May 31, 2017

Suicide bomb rocks Kabul, Afghanistan

Rahmat Gul / AP

A reported suicide truck bombing during the peak of rush hour traffic has killed 80 and wounded hundreds more in the diplomatic area of Kabul, the capital of Afghanistan, according to multiple media reports.

  • The means of attack, per NYT: "Kabul's police chief, Gen. Hassan Shah Frogh, said the explosives had been in a tanker truck used to empty septic wells."
  • The aftermath, per AP: "[M]ost of the casualties were civilians, including women and children. ... images from the scene showed the German Embassy and several other embassies located in the area heavily damaged in the explosion. ... Local TV footage showed shocked residents soaked in blood stumbling about, then being ferried away to hospitals."
  • "The Afghan Taliban are denying any involvement... Both the Taliban and the Islamic State group have staged large-scale attacks in the Afghan capital in the past."

Go deeper

American carnage

Protesters race up a hill to avoid tear gas in Philadelphia, June 1. Photo: Mark Makela/Getty Images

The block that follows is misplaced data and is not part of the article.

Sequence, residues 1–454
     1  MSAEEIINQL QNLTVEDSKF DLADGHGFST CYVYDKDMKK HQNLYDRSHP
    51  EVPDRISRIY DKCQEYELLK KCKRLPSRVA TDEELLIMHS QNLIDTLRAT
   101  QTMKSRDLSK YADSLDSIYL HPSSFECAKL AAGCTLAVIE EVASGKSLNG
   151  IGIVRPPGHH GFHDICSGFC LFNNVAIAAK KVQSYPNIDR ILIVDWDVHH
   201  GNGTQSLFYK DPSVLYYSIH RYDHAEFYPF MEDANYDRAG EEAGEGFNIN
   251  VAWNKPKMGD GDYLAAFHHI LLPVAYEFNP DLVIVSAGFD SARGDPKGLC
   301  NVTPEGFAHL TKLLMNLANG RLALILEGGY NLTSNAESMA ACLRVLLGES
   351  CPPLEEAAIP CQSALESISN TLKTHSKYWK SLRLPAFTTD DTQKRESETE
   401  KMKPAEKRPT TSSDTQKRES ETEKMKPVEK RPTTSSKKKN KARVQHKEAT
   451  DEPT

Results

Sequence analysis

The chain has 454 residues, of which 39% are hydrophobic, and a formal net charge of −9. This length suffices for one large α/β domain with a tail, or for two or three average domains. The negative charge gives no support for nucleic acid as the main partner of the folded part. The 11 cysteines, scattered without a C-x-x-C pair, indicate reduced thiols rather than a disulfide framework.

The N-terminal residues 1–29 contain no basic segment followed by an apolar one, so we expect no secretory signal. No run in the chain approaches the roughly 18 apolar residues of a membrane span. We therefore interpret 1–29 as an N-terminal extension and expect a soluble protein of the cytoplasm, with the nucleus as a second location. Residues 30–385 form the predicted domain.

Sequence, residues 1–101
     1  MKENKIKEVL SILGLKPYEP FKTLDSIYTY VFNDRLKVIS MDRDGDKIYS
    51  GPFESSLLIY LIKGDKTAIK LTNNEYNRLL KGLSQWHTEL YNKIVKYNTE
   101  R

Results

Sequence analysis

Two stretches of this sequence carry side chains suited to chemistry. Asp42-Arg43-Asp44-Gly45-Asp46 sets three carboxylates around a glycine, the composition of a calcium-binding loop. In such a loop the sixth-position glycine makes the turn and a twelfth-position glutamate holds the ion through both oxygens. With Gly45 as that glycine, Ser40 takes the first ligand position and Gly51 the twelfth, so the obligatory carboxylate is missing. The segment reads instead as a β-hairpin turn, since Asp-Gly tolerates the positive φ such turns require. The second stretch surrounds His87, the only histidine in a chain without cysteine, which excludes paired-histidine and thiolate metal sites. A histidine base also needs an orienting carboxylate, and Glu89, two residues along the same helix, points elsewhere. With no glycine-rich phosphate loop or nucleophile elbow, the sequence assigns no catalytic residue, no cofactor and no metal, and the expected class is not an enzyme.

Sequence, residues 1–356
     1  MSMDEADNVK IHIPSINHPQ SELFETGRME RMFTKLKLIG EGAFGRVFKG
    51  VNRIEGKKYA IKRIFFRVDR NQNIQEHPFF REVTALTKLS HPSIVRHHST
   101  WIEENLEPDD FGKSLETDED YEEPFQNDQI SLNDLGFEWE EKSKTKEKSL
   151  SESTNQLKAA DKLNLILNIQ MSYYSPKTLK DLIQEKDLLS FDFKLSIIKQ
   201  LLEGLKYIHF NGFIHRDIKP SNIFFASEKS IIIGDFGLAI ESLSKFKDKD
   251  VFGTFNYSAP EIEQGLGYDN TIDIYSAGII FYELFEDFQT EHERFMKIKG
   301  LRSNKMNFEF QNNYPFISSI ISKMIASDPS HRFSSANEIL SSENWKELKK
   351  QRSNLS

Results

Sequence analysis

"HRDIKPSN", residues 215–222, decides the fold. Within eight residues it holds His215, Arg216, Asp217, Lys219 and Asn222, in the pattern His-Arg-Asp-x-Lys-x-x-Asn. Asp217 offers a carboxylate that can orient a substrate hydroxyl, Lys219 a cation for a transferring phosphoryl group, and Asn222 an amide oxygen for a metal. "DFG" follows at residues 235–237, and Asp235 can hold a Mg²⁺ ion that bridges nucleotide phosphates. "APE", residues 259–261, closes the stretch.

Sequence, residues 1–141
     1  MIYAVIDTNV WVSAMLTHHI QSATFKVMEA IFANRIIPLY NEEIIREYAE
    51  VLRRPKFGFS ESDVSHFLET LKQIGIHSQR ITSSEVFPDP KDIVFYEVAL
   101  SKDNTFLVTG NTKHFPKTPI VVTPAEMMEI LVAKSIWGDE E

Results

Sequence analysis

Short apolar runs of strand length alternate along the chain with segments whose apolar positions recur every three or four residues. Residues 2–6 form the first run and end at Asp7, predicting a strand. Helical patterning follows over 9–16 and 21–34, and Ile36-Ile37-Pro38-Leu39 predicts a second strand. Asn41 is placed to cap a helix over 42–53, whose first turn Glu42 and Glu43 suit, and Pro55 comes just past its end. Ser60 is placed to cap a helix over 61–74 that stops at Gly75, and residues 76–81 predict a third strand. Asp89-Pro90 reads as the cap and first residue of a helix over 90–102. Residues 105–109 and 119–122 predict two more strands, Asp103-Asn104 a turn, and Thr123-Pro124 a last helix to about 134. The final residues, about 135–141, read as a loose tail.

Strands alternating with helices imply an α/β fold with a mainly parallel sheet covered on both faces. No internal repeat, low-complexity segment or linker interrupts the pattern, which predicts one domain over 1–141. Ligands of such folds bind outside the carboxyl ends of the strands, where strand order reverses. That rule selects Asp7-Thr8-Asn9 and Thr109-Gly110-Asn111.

The list of victims has swiftly grown since George Floyd died in police custody just eight days ago.

The big picture: Protests against police brutality have turned into a showcase of police brutality, with tear gas and rubber bullets deployed against crowds. The police have the arsenals at their disposal, but we're also seeing law enforcement officers becoming targets.

McConnell blocks resolution condemning Trump's actions against peaceful protesters

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What they're saying: "Justice for black Americans in the face of unjust violence, and peace for our country in the face of looting, riots, and domestic terror. Those are the two issues Americans want addressed," McConnell said on the Senate floor.

George W. Bush breaks silence on George Floyd

Goerge Bush in Michigan in 2009. Photo: Bill Pugliano/Getty Images

Former President George W. Bush (R) wrote in a statement Tuesday that he and his wife, Laura, are "anguished" by the death of George Floyd, and said that "it is time for America to examine our tragic failures."

Why it matters: It's a stark juxtaposition when compared to fellow Republican President Trump's response to current civil unrest. While Trump has called for justice in Floyd's death, he's also condemned protestors and threatened to deploy military personnel if demonstrations continue.